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What impacts the number and quality of HiFi reads that are generated?

The longer the polymerase read gets, more passes of the SMRTbell are produced and consequently more evidence is accumulated per molecule. This increase in evidence translates into higher consensus accuracy, as depicted in the following plot:

How is number of passes computed?

Each read is annotated with a np tag that contains the number of full-length subreads used for polishing. Full-length subreads are flanked by adapters and thus cover the full insert. Since the first version of ccs, number of passes has only accounted for full-length subreads. In version v3.3.0 windowing has been added, which takes the minimum number of full-length subreads across all windows. Starting with version v4.0.0, minimum has been replaced with mode to get a better representation across all windows. Only subreads that pass the subread length filter (please see next FAQ about filters) and were not dropped during polishing are counted.

Similarly, the tag ec reports effective coverage, the average subread coverage across all windows. This metric includes all subreads, independent of being full- or partial-length subreads, that pass length filters and did not fail during polishing. In most cases ec will be roughly np + 1.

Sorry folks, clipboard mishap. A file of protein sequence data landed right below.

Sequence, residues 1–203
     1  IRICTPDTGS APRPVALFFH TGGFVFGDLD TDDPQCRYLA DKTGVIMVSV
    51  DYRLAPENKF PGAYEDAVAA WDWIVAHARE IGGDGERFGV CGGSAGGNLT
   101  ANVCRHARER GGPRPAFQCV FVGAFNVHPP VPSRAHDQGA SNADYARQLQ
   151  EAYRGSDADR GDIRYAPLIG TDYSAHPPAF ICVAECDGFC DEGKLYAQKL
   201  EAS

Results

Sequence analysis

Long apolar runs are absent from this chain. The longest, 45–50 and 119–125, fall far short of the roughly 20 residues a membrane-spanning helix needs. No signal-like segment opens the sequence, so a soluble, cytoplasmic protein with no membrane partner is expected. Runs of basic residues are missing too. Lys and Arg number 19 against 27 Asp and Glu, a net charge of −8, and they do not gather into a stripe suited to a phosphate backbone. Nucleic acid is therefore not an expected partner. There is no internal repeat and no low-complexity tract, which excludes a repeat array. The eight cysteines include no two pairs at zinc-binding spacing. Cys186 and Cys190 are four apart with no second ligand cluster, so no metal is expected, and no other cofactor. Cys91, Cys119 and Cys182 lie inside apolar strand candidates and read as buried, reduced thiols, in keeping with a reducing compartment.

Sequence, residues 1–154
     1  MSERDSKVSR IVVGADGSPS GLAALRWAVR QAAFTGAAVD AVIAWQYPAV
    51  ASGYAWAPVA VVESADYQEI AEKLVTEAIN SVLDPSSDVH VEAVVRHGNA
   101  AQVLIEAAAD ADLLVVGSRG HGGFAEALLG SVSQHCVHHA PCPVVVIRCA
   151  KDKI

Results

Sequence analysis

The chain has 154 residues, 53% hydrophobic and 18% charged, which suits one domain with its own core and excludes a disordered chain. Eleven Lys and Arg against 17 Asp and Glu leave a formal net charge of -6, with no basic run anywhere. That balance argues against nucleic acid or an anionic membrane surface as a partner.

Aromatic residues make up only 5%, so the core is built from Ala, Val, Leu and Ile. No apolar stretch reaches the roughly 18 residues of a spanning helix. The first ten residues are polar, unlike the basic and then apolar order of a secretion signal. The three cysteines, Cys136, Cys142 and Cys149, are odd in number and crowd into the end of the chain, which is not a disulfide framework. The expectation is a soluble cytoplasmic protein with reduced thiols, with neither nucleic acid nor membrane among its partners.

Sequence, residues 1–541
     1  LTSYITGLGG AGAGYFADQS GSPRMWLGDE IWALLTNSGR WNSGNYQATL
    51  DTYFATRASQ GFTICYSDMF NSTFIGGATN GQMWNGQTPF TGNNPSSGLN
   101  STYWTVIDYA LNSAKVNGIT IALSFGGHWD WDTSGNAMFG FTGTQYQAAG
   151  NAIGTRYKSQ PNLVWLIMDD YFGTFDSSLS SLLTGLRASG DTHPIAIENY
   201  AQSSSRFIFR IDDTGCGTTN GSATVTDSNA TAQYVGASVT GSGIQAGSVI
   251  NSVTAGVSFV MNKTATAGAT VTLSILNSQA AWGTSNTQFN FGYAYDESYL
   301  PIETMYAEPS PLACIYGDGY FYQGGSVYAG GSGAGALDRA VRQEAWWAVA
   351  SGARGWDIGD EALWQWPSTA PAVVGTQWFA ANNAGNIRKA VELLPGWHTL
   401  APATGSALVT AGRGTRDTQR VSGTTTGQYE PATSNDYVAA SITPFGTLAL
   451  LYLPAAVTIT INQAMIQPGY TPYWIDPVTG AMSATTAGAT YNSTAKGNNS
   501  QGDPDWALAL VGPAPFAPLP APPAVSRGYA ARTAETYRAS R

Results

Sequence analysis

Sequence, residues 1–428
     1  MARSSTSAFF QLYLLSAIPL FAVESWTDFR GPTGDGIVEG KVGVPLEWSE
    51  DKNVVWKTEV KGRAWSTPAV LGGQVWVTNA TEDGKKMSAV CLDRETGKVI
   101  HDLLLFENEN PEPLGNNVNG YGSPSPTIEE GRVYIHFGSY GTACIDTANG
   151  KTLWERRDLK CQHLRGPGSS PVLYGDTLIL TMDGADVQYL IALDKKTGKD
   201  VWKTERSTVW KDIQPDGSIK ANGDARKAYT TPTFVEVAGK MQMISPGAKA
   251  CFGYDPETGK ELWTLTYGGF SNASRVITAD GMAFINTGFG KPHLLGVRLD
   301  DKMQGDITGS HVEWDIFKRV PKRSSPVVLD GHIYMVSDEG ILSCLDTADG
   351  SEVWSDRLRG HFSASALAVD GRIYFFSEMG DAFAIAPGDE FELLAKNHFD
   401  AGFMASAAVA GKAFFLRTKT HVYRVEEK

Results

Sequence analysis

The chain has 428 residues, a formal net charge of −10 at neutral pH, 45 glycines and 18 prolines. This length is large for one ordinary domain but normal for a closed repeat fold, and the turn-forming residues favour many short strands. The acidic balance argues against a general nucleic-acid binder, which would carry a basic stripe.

Why do I get more yield if I increase --min-passes?

For versions newer than 3.0.0 and older than 4.2.0, we required that after draft generation, at least --min-passes subreads map back to the draft. Imagine the following scenario, a ZMW with 10 subreads generates a draft to which only a single subread aligns. This draft is of low quality and does not represent the ZMW, yet if you ask for --min-passes 1, this low-quality draft is being used. Starting with version 4.2.0, we switch to an additional percentage threshold of more than 50% aligning subreads to avoid this problem. This fixes the majority of discrepancies for fewer than three passes.

Why do we have this problem at all, shouldn’t the draft stage be robust enough? Robustness comes with inherent speed trade-offs. We have a cascade of different draft generators, from very fast and unstable to slow and robust. If a ZMW fails to generate a draft for a fast generator, it falls back multiple times until it reaches the slower and more robust generator. This approach is still much faster than always relying on the robust generator.

Is there an upper limit on number of passes used?

Per default, ccs uses at most the top 60 full-length passes after sorting by median length. Beyond this threshold, it has been shown that quality does not improve. You can change this limit with --top-passes, whereas 0 means unlimited.